There is no pathognomonic oral lesion associated with HIV-AIDS, but some lesions like oral candidiasis had been consistently found to be the first recognised oral manifestation and sometimes the only initial clinical sign of the HIV infection [8].The prevalence rate of candidiasis in the present study is 59.94%. The commonest species of candidiasis involved are candida albicans although non albicans species have also been reported. Oropharyngeal candidiasis was the most common oral infection and was frequently encountered in the following forms hyperplastic, erythematous, pseudomembranous and angular cheilitis type. This finding is similar to various studies in Africa e.g. in Kenya [10], Zaire [9], South Africa [2] and Zimbabwe [11].

Hyperplastic or chronic candidiasis presents as white nonremovable plaque over the mucosal surface, hence they can not be scraped off. Erythematous candidiasis presents as a red flat subtle lesion either on the dorsal surface of tongue and / or the hard / soft palate. Patients complained of burning sensation in the mouth, more so while eating salty and spicy food. Pseudomembranous candidiasis appears as creamy white curd like plaque on the buccal mucosa and tongue that could be whipped away, leaving a red or bleeding surface. Angular chelitis presents as redness, ulceration and fissuring along the corners of the mouth. In the present study angular cheilitis usually occurred as a co-symptom with erythematous or pseudomembranous candidiasis.

In the present study, the next common oral manifestation appeared in the form of linear gingival erythema in 119 subjects (30.98%) which manifested as generalised marginal gingivitis in most of the patients. Such gingival lesions were predominant oral lesions in patients from south India [6,7].

Oral hairy leukoplakia (OHL) was less frequently reported in previous studies in India. Ranganathan et al [6,7] reported one case (0.33%) and 21 (2.7%) cases among 300 and 1000 HIV patients, respectively. In contrast, the present study reported 72 patients (18.75%) cases amongst 514 patients. The lesions were usually seen on lateral surfaces of tongue, but also extended on to the dorsal and ventral surfaces. In most cases, it was bilateral and asymptomic. It can be diagnostic in absence of other identified cause of immunosuppression [12].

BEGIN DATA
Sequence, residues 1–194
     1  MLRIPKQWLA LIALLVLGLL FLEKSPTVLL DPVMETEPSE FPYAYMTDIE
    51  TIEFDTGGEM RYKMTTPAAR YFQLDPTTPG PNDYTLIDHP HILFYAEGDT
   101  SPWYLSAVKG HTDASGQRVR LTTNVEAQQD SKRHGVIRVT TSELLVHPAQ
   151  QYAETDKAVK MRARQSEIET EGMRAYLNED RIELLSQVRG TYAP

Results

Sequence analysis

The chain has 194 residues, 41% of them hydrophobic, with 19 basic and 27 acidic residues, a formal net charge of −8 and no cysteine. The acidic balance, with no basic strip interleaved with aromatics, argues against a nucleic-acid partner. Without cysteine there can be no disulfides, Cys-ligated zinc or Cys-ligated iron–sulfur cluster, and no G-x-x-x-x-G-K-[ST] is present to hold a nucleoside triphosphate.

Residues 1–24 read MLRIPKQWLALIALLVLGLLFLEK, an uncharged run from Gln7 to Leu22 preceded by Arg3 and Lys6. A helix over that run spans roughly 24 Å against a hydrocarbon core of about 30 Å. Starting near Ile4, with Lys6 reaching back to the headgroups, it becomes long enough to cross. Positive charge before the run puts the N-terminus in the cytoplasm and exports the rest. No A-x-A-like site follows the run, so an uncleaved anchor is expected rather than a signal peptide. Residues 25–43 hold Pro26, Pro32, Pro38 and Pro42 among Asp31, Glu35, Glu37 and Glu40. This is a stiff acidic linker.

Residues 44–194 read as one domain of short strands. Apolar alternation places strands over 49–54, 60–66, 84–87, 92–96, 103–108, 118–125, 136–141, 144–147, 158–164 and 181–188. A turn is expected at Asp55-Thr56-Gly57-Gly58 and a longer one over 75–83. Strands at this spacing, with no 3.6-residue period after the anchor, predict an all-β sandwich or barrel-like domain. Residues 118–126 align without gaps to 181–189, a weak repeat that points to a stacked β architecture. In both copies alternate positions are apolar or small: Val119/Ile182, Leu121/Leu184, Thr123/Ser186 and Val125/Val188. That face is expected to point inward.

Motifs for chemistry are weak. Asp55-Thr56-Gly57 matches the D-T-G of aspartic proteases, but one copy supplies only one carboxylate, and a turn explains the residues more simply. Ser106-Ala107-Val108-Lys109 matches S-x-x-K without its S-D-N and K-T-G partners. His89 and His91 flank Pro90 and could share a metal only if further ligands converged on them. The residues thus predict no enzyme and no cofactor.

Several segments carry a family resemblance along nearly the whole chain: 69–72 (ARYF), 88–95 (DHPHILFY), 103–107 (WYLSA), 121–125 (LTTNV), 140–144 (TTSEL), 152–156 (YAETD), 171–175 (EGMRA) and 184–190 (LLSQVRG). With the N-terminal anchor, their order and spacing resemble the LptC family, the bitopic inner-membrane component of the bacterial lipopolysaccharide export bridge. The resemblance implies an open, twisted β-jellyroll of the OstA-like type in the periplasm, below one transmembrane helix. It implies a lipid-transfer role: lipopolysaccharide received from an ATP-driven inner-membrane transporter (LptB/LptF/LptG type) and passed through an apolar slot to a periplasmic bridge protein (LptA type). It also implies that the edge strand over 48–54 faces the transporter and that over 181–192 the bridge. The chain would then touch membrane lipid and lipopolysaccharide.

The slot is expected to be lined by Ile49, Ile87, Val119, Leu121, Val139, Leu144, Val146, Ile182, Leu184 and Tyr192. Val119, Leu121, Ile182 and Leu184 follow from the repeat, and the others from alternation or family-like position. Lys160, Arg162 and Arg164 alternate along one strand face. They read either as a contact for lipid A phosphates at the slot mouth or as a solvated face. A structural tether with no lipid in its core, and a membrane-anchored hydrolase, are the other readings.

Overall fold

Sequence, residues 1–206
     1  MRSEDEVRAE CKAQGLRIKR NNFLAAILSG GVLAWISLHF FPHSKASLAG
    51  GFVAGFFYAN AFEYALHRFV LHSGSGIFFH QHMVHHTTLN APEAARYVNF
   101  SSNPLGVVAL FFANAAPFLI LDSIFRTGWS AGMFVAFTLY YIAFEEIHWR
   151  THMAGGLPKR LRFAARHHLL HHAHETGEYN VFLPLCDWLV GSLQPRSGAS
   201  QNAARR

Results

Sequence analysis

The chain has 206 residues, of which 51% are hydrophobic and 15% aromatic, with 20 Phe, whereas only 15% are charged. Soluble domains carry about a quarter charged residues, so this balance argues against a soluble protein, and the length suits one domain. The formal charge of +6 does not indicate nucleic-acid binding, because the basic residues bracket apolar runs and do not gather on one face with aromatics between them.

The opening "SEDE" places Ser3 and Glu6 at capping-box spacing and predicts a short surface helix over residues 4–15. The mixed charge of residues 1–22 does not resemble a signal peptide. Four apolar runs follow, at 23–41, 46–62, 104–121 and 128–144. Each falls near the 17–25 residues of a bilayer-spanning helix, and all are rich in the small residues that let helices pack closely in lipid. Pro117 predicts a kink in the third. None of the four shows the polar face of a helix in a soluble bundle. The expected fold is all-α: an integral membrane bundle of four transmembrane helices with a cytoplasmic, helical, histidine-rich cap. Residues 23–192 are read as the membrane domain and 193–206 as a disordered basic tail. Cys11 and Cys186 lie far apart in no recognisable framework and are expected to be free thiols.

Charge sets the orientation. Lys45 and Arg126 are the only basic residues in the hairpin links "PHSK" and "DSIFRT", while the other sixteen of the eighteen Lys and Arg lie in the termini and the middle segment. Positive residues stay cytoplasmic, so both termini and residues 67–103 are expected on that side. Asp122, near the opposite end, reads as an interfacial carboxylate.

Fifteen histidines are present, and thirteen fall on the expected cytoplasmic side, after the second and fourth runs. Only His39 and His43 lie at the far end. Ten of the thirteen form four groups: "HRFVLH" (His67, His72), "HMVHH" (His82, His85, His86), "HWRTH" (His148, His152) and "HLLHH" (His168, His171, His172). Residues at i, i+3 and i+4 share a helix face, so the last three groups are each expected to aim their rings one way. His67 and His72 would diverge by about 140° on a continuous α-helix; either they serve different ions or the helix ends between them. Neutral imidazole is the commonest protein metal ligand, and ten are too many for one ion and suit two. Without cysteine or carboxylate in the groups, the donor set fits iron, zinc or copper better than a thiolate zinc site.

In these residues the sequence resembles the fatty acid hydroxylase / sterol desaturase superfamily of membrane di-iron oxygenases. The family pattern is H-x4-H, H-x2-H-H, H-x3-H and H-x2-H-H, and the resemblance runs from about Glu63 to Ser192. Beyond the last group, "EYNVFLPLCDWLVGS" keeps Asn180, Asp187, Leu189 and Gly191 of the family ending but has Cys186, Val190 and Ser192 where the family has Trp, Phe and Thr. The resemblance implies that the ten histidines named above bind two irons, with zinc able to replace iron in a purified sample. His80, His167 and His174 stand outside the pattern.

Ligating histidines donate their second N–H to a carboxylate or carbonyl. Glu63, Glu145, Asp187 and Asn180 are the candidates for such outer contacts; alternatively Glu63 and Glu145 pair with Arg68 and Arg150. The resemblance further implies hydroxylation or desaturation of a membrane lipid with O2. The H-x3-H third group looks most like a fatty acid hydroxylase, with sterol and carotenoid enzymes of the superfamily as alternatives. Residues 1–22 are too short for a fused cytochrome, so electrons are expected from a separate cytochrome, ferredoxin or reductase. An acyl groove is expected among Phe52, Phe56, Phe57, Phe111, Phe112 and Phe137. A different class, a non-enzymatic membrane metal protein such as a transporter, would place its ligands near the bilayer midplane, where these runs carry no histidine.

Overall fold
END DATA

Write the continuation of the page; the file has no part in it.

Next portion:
Xerostomia is common in HIV disease, most often as a side effect of antiviral medication commonly prescribed for patients with HIV infection or may also be due to proliferation of CD8+ cells in salivary glands. 38 cases (9.8%) in the present study complained of pain, burning sensation, dysphagia & reduced oral intake of food due to xerostomia. A higher prevalence (36%) of xerostomia was reported in study by Lalit Shrimali [13].

Periodontal diseases are common in both asymptomatic and symptomatic HIV patients, usually seen as necrotising ulcerative periodontitis (NUP) which was a significant finding in 30 (7.8%) cases. It had a sudden onset with loss of bone & soft tissue. It is usually indicative of severe immuno suppression, which presents as severe pain, teeth loss, bleeding and foul odour. Necrotising ulcerative gingivitis (NUG) was seen as ulceration, sloughing and necrosis of one or more interdental papillae in 30 (7.8%) cases. Patients complained of pain, bleeding & halitosis. Gingival and periodontal conditions were predominant lesions in HIV infected patients from south India [6,7].

Ulcers not otherwise specified (UNOS) or atypical ulcerations comprised of 5.98% (23cases) oral lesions in our study. However, a higher frequency (12.3%) was reported by Tsang and Samarnayake [14]. These ulcers appear in acute period of HIV infection. Pharmacological agents are the most common causes of recurrent apthous ulcerations, commonly named as canker sores.

From the above discussion, it is clear that not a single study follows a common pattern. Oral lesions in HIV infected patients differ in different parts of the county as well as the world.


The pattern of oral lesions associated with HIV infection was not markedly different from those reported in literature, however, the prevalence of such type of lesions differ slightly. It can be concluded from the present study that oral candidiasis specifically outnumbered all other oral manifestations found in seropositive patients. The above mentioned list is not the complete panorama of manifestations which can be observed in an HIV patient but only an illustration of common lesions encountered in patients from central India. The present study again emphasises the usefulness of orofacial examination of the patients by collaborative effort of dental surgeons and physicians and increases their index of suspicion of the infection with the appearance of these HIV associated oral lesions.